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THE MAGAZINE ABOUT FIREWORKS FOR OVER 30 YEARS

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News

NEW RULES ON DISPOSAL OF EXPLOSIVES

January 2007

The 17th of February 2007 will see the publication by the Confederation of British Industry (CBI) of new guidance on the disposal of explosives. This document entitled "Guidance for the Safe Management of the Disposal of Explosives" will replace the current industry standard "Disposal of explosives waste CS23" published by the Health and Safety Executive (HSE).

The guidance has been produced by a working group of the Explosives Industry Forum (EIF), a tripartite body made up of the HSE's Explosives Inspectorate, Industry representatives and the UK's Ministry of Defence (MoD). Its work has also been supported by the wider industry, the Department of Environment Food and Rural Affairs, the Environment Agency and Merseyside Fire and Rescue Service.

The guidance is is aimed at those responsible for the management of the disposal and destruction of explosives and the planning and implementation of disposal activities at licensed explosives sites as well as their advisors. It is also aimed at professional explosives users such as firework display operators, demolition operators and shot firers.

The guidance will be of interest to regulatory authorities and emergency services such as the Police, Fire Brigades and Local Authority Trading Standards Officers particularly when those authorities fulfil a regulatory role under the Manufacture and Storage of Explosives Regulations 2005. This guidance may also be of interest to other Government or Regulatory Agencies such as the Coastguard as well as Waste Disposal Operators who may be called upon to manage waste explosives and explosives contaminated waste as part of their work activities.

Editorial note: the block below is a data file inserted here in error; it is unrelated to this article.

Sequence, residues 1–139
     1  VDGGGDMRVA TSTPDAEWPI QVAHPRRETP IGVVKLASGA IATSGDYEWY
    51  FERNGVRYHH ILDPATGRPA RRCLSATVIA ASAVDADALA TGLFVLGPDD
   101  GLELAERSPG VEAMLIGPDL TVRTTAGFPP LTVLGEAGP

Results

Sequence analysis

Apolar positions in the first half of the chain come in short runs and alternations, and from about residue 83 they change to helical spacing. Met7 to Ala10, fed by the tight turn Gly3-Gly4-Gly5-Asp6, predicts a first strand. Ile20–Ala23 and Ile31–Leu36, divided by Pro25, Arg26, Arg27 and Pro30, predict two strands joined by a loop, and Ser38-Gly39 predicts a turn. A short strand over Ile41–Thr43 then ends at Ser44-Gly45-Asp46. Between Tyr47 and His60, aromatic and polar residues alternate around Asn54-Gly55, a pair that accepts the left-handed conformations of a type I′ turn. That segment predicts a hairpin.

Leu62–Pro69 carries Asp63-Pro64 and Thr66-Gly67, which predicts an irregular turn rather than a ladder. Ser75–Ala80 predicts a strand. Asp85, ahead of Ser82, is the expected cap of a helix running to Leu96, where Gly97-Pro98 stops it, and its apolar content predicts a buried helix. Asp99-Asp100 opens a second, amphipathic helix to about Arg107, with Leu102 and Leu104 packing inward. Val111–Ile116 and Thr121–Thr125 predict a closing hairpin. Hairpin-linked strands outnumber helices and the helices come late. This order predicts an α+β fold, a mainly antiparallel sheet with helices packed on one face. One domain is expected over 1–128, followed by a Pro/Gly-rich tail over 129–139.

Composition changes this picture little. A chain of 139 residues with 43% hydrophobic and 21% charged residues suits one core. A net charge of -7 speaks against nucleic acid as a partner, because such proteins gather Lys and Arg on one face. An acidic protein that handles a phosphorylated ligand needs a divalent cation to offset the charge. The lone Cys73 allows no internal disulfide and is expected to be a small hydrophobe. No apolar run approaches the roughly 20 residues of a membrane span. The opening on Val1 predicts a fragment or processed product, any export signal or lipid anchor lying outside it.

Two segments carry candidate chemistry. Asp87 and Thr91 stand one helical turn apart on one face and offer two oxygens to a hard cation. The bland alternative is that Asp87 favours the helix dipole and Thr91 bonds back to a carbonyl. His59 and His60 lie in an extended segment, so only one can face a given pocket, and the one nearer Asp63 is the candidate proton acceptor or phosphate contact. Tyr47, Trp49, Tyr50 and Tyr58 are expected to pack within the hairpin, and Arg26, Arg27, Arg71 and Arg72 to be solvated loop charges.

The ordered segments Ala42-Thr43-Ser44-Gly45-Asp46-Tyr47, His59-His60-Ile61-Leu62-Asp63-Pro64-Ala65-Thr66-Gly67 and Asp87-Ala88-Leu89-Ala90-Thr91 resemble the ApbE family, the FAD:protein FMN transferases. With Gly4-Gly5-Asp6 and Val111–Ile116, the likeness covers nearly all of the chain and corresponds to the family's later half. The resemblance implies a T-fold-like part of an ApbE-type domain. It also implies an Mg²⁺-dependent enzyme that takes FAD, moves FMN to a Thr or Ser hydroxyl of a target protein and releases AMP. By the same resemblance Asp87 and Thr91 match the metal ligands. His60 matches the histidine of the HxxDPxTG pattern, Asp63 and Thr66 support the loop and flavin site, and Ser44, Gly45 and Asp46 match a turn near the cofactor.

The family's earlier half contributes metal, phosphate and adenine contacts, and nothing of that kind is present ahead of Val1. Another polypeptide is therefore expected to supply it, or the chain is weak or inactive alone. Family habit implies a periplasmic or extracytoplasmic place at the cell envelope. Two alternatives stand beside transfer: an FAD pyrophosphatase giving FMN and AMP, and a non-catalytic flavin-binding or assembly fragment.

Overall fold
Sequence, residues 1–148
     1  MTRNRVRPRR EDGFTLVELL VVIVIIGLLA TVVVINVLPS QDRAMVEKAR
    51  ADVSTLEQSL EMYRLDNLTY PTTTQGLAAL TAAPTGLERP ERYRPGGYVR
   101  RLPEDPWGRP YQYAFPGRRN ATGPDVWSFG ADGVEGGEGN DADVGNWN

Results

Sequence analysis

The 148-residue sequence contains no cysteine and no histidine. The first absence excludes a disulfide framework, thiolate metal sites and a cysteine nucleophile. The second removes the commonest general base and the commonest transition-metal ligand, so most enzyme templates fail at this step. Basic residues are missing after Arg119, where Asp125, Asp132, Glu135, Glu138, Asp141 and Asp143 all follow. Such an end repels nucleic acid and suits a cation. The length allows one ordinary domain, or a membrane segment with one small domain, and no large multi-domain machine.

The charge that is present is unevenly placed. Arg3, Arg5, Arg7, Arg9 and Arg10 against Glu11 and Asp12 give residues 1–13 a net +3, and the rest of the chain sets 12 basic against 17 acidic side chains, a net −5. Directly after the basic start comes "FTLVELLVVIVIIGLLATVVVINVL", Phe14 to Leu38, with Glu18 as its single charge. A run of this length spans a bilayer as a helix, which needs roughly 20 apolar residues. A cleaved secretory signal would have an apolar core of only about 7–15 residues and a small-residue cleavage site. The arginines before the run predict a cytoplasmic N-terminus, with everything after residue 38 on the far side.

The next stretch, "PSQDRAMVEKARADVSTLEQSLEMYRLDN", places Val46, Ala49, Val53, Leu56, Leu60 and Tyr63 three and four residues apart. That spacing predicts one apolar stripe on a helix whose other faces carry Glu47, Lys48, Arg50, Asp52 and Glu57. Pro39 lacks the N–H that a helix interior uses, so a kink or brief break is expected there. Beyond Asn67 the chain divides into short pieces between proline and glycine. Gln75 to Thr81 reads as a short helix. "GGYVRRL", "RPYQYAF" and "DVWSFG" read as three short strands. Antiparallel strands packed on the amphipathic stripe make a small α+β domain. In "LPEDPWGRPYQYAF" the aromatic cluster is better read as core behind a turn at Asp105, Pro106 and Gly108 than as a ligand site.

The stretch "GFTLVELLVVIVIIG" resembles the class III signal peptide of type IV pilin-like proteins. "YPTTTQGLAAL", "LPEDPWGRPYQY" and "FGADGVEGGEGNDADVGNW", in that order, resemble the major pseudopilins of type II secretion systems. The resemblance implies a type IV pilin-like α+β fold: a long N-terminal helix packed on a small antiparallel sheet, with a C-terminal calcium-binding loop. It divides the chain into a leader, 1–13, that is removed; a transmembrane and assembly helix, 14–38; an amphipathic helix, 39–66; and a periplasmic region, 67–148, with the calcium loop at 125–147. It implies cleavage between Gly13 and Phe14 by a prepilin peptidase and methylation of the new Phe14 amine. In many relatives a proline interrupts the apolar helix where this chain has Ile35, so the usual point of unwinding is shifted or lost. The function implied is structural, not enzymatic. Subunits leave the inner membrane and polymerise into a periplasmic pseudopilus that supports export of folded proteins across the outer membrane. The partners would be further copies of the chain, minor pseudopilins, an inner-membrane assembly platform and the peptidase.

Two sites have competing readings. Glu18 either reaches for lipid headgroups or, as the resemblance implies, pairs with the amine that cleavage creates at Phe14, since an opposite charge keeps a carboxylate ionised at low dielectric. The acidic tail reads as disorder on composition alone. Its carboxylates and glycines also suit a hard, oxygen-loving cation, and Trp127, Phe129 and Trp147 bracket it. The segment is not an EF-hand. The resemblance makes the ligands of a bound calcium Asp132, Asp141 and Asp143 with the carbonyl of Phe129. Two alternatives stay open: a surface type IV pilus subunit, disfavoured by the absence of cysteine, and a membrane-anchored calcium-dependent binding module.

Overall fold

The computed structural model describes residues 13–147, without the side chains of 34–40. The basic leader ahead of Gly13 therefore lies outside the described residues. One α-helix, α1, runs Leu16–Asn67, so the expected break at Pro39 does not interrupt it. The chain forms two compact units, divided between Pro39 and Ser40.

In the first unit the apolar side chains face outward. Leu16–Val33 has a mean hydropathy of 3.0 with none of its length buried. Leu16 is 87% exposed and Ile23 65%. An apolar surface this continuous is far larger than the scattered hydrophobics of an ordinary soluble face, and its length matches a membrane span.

Ian McIntosh, Chair of the CBI's Explosives Industry Group (CBI-EIG) said "Waste explosives continue to be one of the major causes of accidents in the explosives industry. This guidance is a timely reminder to the industry of the importance of controlling the risks associated with the generation, transport, storage and destruction of explosives requiring disposal".

Martyn Sime, HSE's member of the working group, welcomed the opportunity to work in partnership with other organisations and said "The new guidance seeks to build on the obvious strengths of the previous guidance as they related to the destruction of explosives, it does however take a broader, through-life approach. The new guidance reflects changes in the make-up of the industry by providing more specific guidance on explosives that present a projected hazard such as fireworks, and also reflects changes in legislation such as the introduction of the Manufacture and Storage of Explosives Regulations 2005 (MSER) as well as developments in environmental legislation. There is an increased emphasis within the guidance on understanding the properties of explosives requiring disposal, on risk assessment and on the systematic management of safety."

Dave Colclough of the BAE Systems site at Radway Green said "We have already been using this broader through-life approach to the generation and storage of waste explosives for some time. The first activity of our project team, made up of people from across the business, was to identify all the processes that generate waste explosives, to consider any potential for accumulation of waste materials and to make sure that a waste stream was in place to deal with them. Following our analysis we have redesigned equipment and revised our processes. This has resulted in a 90% reduction in the unit risk to our operators and technicians who work with waste explosives."

He went on to say that "As a spin-off we have not only improved the safety culture on site but have also substantially reduced the amount of waste explosives that we generate by introducing engineering changes to reduce tolerances which optimise tool clearances and designs to keep spillages to a minimum. A review of propellant handling & distribution resulted in design modifications which have also reduced spillages. There is also evidence to show that increased understanding of the risks associated with the disposal of waste explosives has improved the quality of our products by segregating waste at all stages of production from raw material receipt to proof testing and packing of the finished product thus reducing the possibilities of contamination.

Copies of the new guidance can be obtained from Brig. Charles Smith GM, General Secretary CBI EIG at CBI, Centre Point, 103 New Oxford Street, London, WC1A 1DU.

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